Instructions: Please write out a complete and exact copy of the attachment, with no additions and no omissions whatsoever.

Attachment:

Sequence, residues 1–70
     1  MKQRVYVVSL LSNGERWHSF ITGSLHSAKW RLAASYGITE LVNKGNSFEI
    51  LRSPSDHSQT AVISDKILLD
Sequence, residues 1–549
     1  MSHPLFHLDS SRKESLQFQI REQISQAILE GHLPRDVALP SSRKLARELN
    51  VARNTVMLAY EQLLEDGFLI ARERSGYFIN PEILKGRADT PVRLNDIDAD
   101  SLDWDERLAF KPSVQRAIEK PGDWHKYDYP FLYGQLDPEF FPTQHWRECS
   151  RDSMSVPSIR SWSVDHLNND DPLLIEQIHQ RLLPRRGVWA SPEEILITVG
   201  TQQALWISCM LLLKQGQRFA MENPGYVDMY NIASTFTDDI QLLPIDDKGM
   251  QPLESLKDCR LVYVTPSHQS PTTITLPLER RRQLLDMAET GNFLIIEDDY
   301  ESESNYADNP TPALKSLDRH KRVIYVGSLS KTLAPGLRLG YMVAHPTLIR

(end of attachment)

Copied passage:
Sequence, residues 1–70
     1  MKQRVYVVSL LSNGERWHSF ITGSLHSAKW RLAASYGITE LVNKGNSFEI
    51  LRSPSDHSQT AVISDKILLD
Sequence, residues 1–549
     1  MSHPLFHLDS SRKESLQFQI REQISQAILE GHLPRDVALP SSRKLARELN
    51  VARNTVMLAY EQLLEDGFLI ARERSGYFIN PEILKGRADT PVRLNDIDAD
   101  SLDWDERLAF KPSVQRAIEK PGDWHKYDYP FLYGQLDPEF FPTQHWRECS
   151  RDSMSVPSIR SWSVDHLNND DPLLIEQIHQ RLLPRRGVWA SPEEILITVG
   201  TQQALWISCM LLLKQGQRFA MENPGYVDMY NIASTFTDDI QLLPIDDKGM
   251  QPLESLKDCR LVYVTPSHQS PTTITLPLER RRQLLDMAET GNFLIIEDDY
   301  ESESNYADNP TPALKSLDRH KRVIYVGSLS KTLAPGLRLG YMVAHPTLIR